It’s Women’s History Month, and among the many meaningful ways women are changing society for the better, one stands out: philanthropy.
Women are creating seismic waves in the charitable giving space and are actively changing what it means to be a philanthropist in the modern world.
Pivotal and timely questions detailing this phenomenon include:
- How are women gaining more financial control?
- In what ways do women use wealth differently?
- How are women writing a new story of philanthropy in America?
For Starters, Women Have a Lot of Financial Power
How have women begun redefining what it means to be a philanthropist?
Over the years, they’ve gained unprecedented access and control over money. Currently, women control about $10 trillion dollars, translating to roughly a third of total household assets.
And if that number sounds like a lot, wait for what’s coming.
McKinsey & Company estimates women are expected to receive an immense financial windfall over the next three to five years, valued at over $30 trillion dollars by decade’s end. To put this number in perspective, it is just shy of the entire gross domestic product (GDP) of the United States.
The same study also noted a 30% increase in married women leading their household finances and making more money-related decisions.
Another analysis by the Boston Consulting Group anticipates that women will control $93 trillion dollars globally by 2023.
As women accrue more money and take ownership of their household assets, it’s not hard to see how women are becoming the new face of wealth in America.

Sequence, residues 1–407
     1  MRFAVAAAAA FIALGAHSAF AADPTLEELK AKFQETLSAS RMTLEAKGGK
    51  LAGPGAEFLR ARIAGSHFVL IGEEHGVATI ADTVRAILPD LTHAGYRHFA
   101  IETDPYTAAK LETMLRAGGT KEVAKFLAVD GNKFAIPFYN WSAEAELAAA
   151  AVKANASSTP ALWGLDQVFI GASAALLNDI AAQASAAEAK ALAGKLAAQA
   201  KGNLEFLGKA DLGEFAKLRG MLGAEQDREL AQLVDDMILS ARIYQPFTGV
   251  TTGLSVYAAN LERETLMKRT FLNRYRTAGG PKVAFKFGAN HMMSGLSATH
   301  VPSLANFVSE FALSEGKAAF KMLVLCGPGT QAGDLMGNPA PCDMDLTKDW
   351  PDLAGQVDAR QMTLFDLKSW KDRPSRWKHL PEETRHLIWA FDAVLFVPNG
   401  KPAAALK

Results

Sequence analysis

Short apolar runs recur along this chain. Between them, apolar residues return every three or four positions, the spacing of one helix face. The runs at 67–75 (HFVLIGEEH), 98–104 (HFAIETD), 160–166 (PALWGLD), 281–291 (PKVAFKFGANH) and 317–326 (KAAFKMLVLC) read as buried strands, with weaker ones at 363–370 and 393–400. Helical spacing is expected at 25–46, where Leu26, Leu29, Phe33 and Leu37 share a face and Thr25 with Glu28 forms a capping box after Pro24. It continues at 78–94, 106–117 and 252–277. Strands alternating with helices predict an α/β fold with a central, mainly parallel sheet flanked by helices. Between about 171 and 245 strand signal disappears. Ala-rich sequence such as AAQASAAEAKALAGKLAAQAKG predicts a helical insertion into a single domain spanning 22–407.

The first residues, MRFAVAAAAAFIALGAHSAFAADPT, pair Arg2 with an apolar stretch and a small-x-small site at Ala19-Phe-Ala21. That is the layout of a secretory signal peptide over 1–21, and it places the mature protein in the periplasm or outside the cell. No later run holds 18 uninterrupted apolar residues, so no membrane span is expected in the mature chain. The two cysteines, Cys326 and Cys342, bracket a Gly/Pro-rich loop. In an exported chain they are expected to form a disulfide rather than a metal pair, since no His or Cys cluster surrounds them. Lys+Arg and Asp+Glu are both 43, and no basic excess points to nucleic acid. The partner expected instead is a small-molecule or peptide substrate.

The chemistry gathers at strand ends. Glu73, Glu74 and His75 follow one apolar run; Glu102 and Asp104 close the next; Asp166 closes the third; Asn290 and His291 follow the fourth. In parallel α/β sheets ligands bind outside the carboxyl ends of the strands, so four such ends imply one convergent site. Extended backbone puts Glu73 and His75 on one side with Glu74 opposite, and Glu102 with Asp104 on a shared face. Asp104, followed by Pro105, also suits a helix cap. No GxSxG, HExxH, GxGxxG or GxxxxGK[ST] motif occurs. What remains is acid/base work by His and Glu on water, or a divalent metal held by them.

The next question is, what are they doing with their wealth?
Align your money with your values.
The Future of Philanthropy is Female
There are some notable differences between the way men and women tend to handle their money, and the way women do things seems to pay off in increased savings and higher returns.
Typically, women are more likely to seek professional advice, educate themselves on financial matters, and center their decisions around supporting their life goals. An important life goal for many women is to make a meaningful difference in others’ lives.
One way to accomplish this goal is sustained charitable giving.
For Women, Giving and Wealth Go Hand In Hand
More than ever, women feel that making a difference with charitable giving is a defining marker of wealth. This means for many women, wealth and charitable giving should not only be interchangeable, but one of the key features of wealth is doing good with it.
Often, women’s giving trends focus on causes close to their hearts.
According to Fidelity, 75% of millennial women cite empathy as the driving force behind their charitable efforts. Women tend to seek out causes they connect with and want to make contributions that truly reflect authenticity and impact people’s lives.
Along with the emotional connection, the same Fidelity study notes that women are more likely to conduct in-depth research on specific charities before donating their money. This research tends to go beyond what the charity does and how it uses the money.
Women want their gifts to impact the community, culture, and society. Many women ask themselves how their contributions will affect a particular community and how they can make a difference with their wealth. Much thought, attention, and care goes into so many women’s giving choices.
Even better? Charitable giving is an integral part of women-led households.
Women-Led Households Give More All-Around
Research from the Boston Foundation shows that women give a greater percentage of their wealth to charitable causes than men. All households headed by women — no matter their income, age, ethnicity, etc. — give more money and are more likely to give consistently.